65 years and over: 6.2% (male 3,130,518/female 3,811,543) (2009 est.)
Male to female ratio: 96 males per 100 females.
Birth rate: 19.71 per 1,000 population.
Life expectancy at birth: 73.25 for males and 79 for females.
Infant mortality rate: 18.42 per 1,000 live births.
Religious affiliations: 95.85% Christians (106,050,000) and 2.6 % Non-religious (2,900,000). The following groups represent less than one percent of the total: Muslims, Jews, Atheists and Ethno-religionists.
Education: Free and compulsory from ages 6-12.
Literacy rate: 91%.
Beginning age, 4
Duration, 2 years
Beginning age, 6
Duration, 6 years
Beginning age, 12
Duration, 6 years
Education is free and compulsory from ages 6-12. The literacy rate for those over 15 is over 90%. In the 1998-1999 school year, there were 207,676 schools, with an enrollment of 27.8 million students, and 1.4 million teachers (144 students per school, 19.85 students per teacher). The Secretary of Public Education is responsible for administration of education across Mexico. Each Mexican state has its own division of the SEP.
The main ethnic groups are as follows:
Amerindian or predominantly Amerindian
The official language is Spanish, but various Mayan, Nahuatl and other regional indigenous languages are spoken as well.
The right of suffrage is guaranteed to all over 18 by the Mexican constitution. It is also compulsory, but that is not enforced. Elections are becoming much more fair, and are considered to be free of large-scale fraud and manipulation. The judicial system, however, is highly politicized, and riddled with corruption. Official agencies often disregard the law, and bribery is rampant.
In the northern and central parts of Mexico, constitutional guarantees about political and civic organizations are respected. There is government repression of some organizations in the south, though, particularly those connected with the Party of the Democratic Revolution (PRD), the major opponent to the ruling Institutional Revolutionary Party (PRI). Though Mexicans in general are more free than they have been, there is still systemic intimidation for those opposed to the ruling party. An official human rights organization was created in 1990, but is not allowed to investigate political and labor rights violations, nor is it allowed to enforce any of its recommendations.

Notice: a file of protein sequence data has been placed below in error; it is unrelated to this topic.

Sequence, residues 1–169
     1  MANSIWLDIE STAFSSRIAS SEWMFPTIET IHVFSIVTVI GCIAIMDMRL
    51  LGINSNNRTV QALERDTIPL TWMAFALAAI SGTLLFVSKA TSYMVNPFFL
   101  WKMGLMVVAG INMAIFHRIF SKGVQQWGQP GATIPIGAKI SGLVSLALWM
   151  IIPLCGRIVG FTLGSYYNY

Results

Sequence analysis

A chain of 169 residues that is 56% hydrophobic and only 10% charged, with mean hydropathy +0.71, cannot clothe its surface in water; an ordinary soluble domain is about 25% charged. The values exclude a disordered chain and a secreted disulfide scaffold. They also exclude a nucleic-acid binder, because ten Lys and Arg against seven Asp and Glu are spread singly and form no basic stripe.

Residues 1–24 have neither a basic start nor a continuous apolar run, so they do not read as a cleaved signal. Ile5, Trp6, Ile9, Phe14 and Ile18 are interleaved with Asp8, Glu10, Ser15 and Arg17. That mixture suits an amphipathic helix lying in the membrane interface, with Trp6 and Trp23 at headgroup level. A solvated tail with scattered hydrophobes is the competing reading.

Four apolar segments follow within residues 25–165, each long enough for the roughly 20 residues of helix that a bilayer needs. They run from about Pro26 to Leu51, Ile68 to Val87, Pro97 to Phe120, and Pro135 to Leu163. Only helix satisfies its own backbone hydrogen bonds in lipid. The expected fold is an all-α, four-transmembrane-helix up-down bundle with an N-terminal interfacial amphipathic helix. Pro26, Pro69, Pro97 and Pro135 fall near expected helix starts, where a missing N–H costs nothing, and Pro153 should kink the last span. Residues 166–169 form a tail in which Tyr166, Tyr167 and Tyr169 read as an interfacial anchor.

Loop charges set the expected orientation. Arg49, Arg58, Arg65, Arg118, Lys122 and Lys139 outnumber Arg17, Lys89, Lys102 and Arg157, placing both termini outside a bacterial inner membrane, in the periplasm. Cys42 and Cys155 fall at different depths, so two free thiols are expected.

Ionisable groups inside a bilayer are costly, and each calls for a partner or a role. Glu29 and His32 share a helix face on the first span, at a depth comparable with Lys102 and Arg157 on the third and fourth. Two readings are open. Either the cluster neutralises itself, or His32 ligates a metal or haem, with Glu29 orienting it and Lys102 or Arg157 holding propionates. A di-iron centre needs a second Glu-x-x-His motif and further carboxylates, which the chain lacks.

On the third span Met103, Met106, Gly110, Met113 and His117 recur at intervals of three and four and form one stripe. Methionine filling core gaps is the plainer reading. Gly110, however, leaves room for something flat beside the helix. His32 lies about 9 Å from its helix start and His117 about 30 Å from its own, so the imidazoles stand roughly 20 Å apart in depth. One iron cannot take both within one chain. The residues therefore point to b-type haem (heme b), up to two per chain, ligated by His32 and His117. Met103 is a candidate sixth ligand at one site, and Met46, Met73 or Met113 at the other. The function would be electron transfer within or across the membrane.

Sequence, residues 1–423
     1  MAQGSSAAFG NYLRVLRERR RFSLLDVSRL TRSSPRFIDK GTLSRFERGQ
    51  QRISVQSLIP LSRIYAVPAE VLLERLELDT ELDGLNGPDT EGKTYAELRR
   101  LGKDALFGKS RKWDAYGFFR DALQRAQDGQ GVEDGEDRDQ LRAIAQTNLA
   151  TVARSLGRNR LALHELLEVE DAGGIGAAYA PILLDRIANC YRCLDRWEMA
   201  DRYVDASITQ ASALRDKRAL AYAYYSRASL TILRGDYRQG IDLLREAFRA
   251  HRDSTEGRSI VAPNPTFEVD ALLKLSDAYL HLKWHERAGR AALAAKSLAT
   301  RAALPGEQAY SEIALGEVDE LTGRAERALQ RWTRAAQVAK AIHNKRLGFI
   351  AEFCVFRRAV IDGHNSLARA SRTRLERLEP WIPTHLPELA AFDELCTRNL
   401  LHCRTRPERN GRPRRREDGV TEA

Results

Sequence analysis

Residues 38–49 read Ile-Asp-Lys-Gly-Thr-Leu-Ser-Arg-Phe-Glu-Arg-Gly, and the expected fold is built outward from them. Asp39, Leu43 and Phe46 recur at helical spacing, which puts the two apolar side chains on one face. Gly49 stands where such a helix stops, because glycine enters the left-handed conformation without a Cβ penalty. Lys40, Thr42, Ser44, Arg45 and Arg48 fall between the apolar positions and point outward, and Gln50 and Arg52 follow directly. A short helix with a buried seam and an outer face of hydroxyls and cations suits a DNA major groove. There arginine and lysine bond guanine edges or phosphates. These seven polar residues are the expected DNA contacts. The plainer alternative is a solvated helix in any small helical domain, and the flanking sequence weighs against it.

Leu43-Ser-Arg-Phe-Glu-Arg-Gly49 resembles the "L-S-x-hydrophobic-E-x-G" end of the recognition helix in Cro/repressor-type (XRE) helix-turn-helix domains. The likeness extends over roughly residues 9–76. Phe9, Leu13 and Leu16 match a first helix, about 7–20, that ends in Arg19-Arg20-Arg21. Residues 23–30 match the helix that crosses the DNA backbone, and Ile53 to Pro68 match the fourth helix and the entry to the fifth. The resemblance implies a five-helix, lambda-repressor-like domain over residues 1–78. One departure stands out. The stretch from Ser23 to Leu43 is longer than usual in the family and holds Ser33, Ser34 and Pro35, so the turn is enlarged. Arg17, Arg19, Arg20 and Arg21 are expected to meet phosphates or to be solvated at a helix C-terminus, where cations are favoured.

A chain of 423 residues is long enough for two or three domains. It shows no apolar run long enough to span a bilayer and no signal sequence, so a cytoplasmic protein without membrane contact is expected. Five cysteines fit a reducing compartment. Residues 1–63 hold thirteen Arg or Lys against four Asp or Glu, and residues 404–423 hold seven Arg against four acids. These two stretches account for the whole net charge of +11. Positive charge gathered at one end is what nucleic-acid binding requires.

Many of the social issues relevant in Mexico are tightly connected to the political system. The corruption of the judicial system is a major issue, as is civic freedom. Torture and police brutality is still present, and Mexico’s crime rate continues to rise rapidly. It is thought that law enforcement is ineffective at best, and, at its worst, repressive, corrupt, and prone to violence. Ten percent of all extortive kidnappings in Mexico are thought to have been carried out by police officers.
Human rights violations occur everyday, often at the hands of the military. There are efforts underway to place the military court system under general law enforcement because the military has a very poor record of rights prosecutions. And, contrary to official government information, it is suspected that the military still has strong ties to the drug trade in Mexico.
The drug trade in Mexico is a big issue, with Mexico producing a high quantity of the drugs sold in the United States. There are government efforts to help eradicate the drug trade, but with corruption in the judicial system and the military, this has proven difficult.
The press is private, but the government is the main source of advertising revenue. The press is also considered corrupt, and strongly supportive of the ruling party. Journalists who expose corruption, police issues, and drug trafficking are often subject to violent attacks.
Domestic violence is also an issue, as is equality for women. Legislation to protect women against sexual abuse and domestic violence exists in only 7 of Mexico’s 31 states.
Religion and Faith Landscape
Roughly 96% of the Mexican population is Christian, with 90% of the population claiming to be Roman Catholic, and 4% claiming to be Protestant. The remaining five percent is thought to hold other religions, many of them indigenous. The Roman Catholic religion was forced upon Mexicans though, so the numbers must be considered a bit skewed.
Religious freedom is guaranteed by the Mexican constitution, with voting rights given even to priests and nuns. However, those church leaders who are voices for the rights and protection of the Indian population, and the poor, are subjected to some persecution. Generally, the expression of religion is considered free from governmental influence.